Thursday, February 21, 2008

Supremes Strike Down Ability to Sue Over Devices

As explained in this New York Times coverage:

...the U.S. Supreme Court handed the Bush Administration and the medical drug and device industries a major victory on Feb. 20, ruling that consumers injured by one class of medical devices had no right to sue in state courts because the devices had received FDA approval. (Other devices that had gone through a less arduous FDA review process were not covered by this ruling.)

That was the bad news. The other bad news is that the court ruling was 8-1, unlike the very common 5-4 split one sees on this nearly-evenly-divided (conservative vs. moderate) court.

The good news is that Congress could readily fix this by passing new legislation, and two foes of the drug industry, Sen. Ted Kennedy and Rep. Henry Waxman, vowed to do so.

The basic claim in the majority ruling is that the law assigns to the Federal government, and not to the states, responsibility for regulating devices and drugs. So for the states to allow such suits in their courts is tantamount to setting up a separate, illegal level of regulation.

The opposing argument, which in my view has more merit given today's realities, is that such a restriction on bringing suit against a company presumes a more or less perfect FDA process. It also assumes that there is really an adversarial relationship between the FDA and the manufacturer--that the FDA sets the bar deliberately high, and the manufacturer really has to come up with considerable and reliable proof that the device is safe and effective. More recently, especially with the FDA getting half of its budget for reviewing new drugs directly from industry, we have seen the FDA often serving as industry lapdog rather than as adversary.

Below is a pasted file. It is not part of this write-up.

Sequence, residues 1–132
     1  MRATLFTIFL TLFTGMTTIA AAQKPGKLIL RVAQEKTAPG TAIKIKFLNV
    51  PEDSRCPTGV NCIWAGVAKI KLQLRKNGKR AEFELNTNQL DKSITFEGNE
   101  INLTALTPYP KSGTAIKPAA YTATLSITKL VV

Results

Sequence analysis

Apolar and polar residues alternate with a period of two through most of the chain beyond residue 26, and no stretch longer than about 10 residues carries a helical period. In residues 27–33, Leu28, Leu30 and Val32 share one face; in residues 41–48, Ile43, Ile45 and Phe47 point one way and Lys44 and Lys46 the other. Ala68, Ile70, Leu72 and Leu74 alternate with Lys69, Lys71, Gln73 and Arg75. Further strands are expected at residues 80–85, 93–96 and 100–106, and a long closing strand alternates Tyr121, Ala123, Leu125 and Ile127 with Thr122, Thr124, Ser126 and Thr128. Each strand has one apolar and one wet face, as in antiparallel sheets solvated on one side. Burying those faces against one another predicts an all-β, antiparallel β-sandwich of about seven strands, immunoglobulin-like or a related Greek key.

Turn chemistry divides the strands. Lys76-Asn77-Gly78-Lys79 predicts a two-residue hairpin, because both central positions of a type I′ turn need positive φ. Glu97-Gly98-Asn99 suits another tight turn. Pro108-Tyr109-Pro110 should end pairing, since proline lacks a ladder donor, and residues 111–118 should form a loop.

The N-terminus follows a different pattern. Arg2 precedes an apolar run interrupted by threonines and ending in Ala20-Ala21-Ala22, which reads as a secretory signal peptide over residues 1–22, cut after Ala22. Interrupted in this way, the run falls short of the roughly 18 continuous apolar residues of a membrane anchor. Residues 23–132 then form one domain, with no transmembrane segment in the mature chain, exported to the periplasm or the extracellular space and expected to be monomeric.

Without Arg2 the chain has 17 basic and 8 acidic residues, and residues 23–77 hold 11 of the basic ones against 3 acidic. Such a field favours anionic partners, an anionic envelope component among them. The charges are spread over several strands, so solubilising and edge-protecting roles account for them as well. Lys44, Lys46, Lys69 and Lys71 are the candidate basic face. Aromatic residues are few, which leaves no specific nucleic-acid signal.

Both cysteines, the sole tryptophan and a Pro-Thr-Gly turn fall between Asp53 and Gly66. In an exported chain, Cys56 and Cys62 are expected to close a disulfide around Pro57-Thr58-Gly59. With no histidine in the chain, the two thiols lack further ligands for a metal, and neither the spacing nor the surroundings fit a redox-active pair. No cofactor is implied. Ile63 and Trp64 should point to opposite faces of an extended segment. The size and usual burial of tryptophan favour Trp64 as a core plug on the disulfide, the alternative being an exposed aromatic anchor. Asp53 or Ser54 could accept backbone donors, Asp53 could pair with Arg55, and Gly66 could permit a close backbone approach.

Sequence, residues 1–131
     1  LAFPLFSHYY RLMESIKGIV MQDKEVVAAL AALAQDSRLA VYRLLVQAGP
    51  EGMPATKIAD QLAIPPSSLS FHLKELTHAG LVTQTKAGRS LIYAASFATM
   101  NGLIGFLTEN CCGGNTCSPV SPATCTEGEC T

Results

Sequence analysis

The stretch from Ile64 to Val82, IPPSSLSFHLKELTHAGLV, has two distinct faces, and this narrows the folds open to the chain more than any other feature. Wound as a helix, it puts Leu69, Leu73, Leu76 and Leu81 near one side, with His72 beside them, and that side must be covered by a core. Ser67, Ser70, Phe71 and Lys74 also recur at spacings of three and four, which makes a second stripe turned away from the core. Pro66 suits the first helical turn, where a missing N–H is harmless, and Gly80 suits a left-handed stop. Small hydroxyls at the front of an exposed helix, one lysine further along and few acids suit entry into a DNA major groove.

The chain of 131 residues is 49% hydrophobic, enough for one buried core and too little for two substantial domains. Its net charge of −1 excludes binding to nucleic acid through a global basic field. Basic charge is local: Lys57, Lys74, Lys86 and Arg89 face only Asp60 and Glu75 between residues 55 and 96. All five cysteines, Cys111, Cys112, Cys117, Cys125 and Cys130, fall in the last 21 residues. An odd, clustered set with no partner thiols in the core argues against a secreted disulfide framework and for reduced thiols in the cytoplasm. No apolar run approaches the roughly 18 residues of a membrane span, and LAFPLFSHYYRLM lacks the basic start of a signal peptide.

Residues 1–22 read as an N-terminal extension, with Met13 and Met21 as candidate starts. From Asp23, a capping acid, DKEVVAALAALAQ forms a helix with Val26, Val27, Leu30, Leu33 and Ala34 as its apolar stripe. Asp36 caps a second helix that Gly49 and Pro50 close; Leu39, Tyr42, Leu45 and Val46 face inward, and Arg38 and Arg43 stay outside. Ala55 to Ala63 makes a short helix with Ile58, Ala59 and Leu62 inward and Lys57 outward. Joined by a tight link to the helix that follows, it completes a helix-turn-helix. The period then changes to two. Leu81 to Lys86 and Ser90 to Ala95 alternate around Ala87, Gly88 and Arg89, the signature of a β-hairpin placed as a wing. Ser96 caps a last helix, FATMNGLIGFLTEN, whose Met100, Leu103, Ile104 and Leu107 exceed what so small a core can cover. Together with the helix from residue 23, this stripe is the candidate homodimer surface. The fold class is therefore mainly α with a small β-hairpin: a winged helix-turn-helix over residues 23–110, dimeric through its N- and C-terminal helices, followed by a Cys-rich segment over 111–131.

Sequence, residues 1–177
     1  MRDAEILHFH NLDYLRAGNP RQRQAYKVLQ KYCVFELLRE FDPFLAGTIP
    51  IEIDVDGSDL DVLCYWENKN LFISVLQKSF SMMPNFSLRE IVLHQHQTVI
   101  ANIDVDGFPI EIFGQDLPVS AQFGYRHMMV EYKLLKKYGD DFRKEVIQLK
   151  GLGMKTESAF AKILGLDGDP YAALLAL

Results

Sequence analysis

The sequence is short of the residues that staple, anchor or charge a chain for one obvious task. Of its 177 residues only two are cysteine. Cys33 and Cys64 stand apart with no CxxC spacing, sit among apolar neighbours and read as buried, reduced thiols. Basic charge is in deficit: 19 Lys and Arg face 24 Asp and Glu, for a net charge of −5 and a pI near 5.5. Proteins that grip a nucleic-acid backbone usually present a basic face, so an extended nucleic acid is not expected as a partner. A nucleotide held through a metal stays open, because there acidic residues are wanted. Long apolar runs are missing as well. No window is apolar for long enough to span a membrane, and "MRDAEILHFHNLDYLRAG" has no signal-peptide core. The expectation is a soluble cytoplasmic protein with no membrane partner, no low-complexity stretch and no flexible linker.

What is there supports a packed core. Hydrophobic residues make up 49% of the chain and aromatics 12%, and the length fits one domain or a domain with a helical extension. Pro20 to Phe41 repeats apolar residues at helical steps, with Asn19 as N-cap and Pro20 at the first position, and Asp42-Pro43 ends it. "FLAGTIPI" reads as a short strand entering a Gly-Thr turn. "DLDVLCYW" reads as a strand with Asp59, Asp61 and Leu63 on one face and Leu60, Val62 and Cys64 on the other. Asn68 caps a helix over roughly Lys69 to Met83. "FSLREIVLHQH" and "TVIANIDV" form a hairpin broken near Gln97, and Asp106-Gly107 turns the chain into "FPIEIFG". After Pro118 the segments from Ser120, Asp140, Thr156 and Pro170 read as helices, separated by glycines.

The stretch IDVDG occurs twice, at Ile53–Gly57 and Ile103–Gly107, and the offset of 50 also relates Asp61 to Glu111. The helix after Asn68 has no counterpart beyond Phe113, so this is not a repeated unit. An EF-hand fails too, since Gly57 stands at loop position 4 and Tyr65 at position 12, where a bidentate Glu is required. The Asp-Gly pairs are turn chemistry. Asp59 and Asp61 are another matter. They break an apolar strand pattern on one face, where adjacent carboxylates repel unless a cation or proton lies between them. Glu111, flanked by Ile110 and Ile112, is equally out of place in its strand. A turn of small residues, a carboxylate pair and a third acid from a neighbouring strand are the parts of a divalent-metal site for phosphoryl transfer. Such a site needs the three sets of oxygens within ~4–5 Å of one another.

As I mentioned in HOOKED, there is another angle on whether or not these lawsuits should be permitted. I'm a physician by training, and share with my fellow physicians the terror of a malpractice suit. Given this nearly instinctive distaste for using the tort legal system as a means to seek redress, how can I then turn around and say that it's a good thing when rapacious lawyers and clients can set their sights on the drug companies? One of the realizations that has led me to view such lawsuits with more sympathy is that without them, I could never have written HOOKED. That is, many of the most damning documents, that reveal the behavior of the drug industry that is most damaging both to public interests and to medical professionalism, come to light only as a result of the legal discovery process. The company can keep these nasty e-mails and memos secret, and only has to cough them up if it is sued. Without damage suits we would know a good deal less about the inner workings of the industry--to our great detriment.

Those who oppose such lawsuits naturally fear that the future will be bleak, as we and our children die of horrible diseases because no new medical drugs and devices are being marketed, because no company wants to face the financial risk of rampant lawsuits. That ignores the way that companies today seem quite undeterred even by huge class action suits. A company like Merck with Vioxx, or (earlier) Wyeth with the diet drugs fen-phen, simply stashes away in escrow a few billion dollars that it has rattling around in its pockets as spare change, as its lawsuit defense and payout fund. The company then reassures stockholders that it has stanched any future flow of red ink, and goes merrily about its business.

Greenhouse L. Justices shield medical devices from lawsuits. New York Times, Feb. 21, 2008.

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